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Statistics show that 80-90% of the U.S. population have “become a published author” on their bucket list. While this can seem like a daunting task, many writers get their start by contributing to an anthology.

an·thol·o·gy
A book or other collection of selected writings by various authors, usually in the same literary form, of the same period, or on the same subject.

Some newbie writers will seek out an anthology project that focuses on a topic that they have an interest in writing, or as an expert in their field. Others may choose the route of managing the anthology project or acting as the coordinator, as the named “author” of the book, and may or may not be a contributing author, except to write an introduction, dedication and acknowledgment.

By being published as a contributing author in an anthology, the writer can now add “published author” to their resume, social media profiles, and can establish credibility as a writer. Another benefit is that the writer doesn’t have to write an entire book, just a sampling of what potentially could be a larger project. Think of it like an extended blog or a short story. For new authors, participating in an anthology project is likened to “dipping your toe in the water” to writing – a good test to see if you like the process.

For the purpose of this article, let’s say that you have decided to be the coordinator of an anthology project, and that you want to self-publish a book about women’s issues. These stories may be about overcoming an obstacle, dealing with a life struggle, or might be about some personal or professional challenges. Each contributing author’s story would be a separate chapter in the book, with the coordinator taking the lead on managing the project.

There are different models that can be used to create an anthology. The first is that the coordinator could take on the entire project and the cost of self-publishing, much like a business project, with no financial commitment from the contributing authors. The coordinator could offer books to be purchased wholesale by the contributing authors, which they could sell at retail pricing. The coordinator could publish the book on Amazon and retain all royalties.

The next model is similar to the first, in that the coordinator could take on the project as their own and self-publish the book, and allow the contributors to purchase books at wholesale, but also split the royalties from Amazon and other online sales. While this might be enticing for the contributing authors, it can be a bookkeeping challenge for the coordinator. In addition, direct to consumer sales of the book bring the highest retail price and sales can be managed by each author depending on how much time and effort they choose to put towards book marketing.

The last model, and quite frankly my favorite, offers contributors to have a financial stake in the project. The reason I like this model is that a) the coordinator doesn’t have to finance the entire project themselves, and b) the contributing authors are paying for a service, i.e. the managing of the book project, which means they are investing in the final product. Studies show that when a person invests financially in a project, they are more apt to take the project seriously. This can have a positive effect on the project, resulting in meeting deadlines, maintaining professionalism and keeping the project on task and on timeline. As with the first model, the coordinator could offer wholesale pricing for the contributing authors to purchase the book and keep online royalties as compensation.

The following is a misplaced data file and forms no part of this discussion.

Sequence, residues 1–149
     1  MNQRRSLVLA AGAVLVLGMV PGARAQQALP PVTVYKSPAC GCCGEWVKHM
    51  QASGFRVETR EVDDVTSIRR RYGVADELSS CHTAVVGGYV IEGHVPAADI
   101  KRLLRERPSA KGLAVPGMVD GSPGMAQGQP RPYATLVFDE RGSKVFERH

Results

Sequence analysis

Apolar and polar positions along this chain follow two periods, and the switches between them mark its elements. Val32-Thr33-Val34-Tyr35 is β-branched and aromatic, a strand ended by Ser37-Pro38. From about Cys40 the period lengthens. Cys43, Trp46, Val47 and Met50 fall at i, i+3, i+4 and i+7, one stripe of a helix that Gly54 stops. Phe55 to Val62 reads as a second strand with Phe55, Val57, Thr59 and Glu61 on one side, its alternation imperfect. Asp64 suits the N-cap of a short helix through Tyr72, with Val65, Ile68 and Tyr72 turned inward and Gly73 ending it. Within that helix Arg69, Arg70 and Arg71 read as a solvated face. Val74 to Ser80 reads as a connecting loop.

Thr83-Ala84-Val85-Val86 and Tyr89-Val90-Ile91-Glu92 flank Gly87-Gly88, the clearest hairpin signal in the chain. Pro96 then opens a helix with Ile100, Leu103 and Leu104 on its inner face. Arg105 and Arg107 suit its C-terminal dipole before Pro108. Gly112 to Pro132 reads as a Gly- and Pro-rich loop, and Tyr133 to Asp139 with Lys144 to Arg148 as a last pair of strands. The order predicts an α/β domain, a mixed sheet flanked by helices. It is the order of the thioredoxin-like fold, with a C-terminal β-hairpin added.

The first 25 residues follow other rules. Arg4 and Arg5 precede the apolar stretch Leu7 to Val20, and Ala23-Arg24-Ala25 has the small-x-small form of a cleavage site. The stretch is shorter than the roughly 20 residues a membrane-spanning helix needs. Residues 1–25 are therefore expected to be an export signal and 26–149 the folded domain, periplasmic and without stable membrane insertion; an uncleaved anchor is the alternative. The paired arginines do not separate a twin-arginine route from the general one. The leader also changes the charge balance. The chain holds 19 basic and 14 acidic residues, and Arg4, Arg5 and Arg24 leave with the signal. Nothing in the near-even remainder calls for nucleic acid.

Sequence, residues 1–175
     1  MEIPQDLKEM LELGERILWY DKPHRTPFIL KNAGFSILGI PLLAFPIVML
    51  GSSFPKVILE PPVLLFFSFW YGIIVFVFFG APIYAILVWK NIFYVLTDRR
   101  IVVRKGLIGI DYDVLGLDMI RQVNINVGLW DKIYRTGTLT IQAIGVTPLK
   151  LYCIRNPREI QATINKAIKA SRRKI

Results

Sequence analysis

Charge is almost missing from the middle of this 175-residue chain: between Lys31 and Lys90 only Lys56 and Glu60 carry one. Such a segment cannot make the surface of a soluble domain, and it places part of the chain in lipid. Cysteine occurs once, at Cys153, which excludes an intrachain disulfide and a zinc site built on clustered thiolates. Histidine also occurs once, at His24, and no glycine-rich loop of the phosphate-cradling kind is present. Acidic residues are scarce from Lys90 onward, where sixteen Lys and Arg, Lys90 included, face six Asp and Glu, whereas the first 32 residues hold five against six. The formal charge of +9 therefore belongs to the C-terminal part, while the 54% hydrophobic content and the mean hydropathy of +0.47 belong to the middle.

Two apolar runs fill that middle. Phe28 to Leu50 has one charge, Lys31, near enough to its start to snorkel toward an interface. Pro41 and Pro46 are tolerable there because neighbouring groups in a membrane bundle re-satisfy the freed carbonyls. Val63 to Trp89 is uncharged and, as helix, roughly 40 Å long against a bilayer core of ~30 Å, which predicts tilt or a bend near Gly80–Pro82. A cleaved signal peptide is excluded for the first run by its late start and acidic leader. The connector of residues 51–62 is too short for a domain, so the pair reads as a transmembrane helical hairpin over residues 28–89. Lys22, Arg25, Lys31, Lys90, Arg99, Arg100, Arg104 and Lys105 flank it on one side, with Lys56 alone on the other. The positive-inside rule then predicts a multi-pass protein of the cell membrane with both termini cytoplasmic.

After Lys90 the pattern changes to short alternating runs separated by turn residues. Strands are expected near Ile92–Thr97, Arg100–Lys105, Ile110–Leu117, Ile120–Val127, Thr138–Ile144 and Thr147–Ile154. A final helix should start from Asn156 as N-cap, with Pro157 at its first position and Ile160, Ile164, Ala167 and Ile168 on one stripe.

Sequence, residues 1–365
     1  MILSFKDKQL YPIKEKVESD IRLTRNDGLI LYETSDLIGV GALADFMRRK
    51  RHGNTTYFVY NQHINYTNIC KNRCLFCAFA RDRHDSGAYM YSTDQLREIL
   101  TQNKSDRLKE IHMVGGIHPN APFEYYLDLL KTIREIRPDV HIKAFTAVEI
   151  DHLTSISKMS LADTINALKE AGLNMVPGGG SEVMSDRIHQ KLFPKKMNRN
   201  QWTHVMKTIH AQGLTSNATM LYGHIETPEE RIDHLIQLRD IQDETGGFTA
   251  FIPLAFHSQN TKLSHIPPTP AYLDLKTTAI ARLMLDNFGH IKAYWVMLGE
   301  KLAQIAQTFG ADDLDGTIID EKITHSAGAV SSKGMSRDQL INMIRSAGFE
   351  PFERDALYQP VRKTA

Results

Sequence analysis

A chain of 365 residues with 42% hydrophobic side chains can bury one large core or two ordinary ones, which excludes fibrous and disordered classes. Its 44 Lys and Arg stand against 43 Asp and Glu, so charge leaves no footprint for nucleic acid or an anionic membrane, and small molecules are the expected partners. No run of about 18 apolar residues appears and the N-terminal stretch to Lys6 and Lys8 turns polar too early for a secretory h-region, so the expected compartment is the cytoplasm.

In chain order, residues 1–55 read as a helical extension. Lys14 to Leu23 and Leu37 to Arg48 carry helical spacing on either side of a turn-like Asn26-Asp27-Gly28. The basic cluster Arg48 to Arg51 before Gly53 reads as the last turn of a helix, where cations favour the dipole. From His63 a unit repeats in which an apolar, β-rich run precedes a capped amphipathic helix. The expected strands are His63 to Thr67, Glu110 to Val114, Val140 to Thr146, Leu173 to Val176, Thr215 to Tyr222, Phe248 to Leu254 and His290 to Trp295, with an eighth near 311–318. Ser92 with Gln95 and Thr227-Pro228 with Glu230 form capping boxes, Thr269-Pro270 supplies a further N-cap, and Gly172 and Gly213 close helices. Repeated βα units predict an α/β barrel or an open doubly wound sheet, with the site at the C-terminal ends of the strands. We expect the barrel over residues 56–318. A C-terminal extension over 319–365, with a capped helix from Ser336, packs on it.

In order to get started with an anthology project using the last model suggested, the coordinator could request writing submissions along the theme of the book. Once the coordinator received submissions, he/she would determine which stories would be included. One story equals one chapter, each with a different author. Then, the coordinator could split the total cost of the project (including professional editing, layout & cover design) between the authors with chapters chosen for the book.

There are a couple of ways to manage the individual investment for the contributing authors. One way is to have each author have their chapter edited for content & development independently then submit a final version to be combined into the book as a whole. Another option is to have one editor work on each chapter separately. Just keep in mind that this may slow the editing process and would likely come at a higher cost to the overall project versus each author contracting with an editor of their choice.

Unlike genres such as fiction and memoir, due to the nature of an anthology, using the same editor for each individual chapter is not critical, as each story/chapter will have its own feel. In an anthology, it is important to hear the individual voice of each author. Once each chapter has been edited and submitted, the coordinator can arrange the chapters with the help of an editor, so that the chapter sequence creates flow and an “arc” to the book, offering the reader a sense of satisfaction, resolution and hope.

After the book has been organized, it is recommended that the entire manuscript go through a proof edit, looking for typos, errors and any mistakes. After the proof edit, the book would be ready for layout and cover design.

Topics for an anthology project could range from women’s stories, to poetry, to tales from firefighters and law enforcement. Even chapters written by veterans from their time in the military might have an appeal for specific readers and may inspire the contributing authors to write a memoir. Business books with examples of a lesson learned or a proven sales strategy can be successful in certain industries. Whatever the topic, anthologies provide both the coordinator and the contributing authors an affordable way to become a published author without the hefty price tag.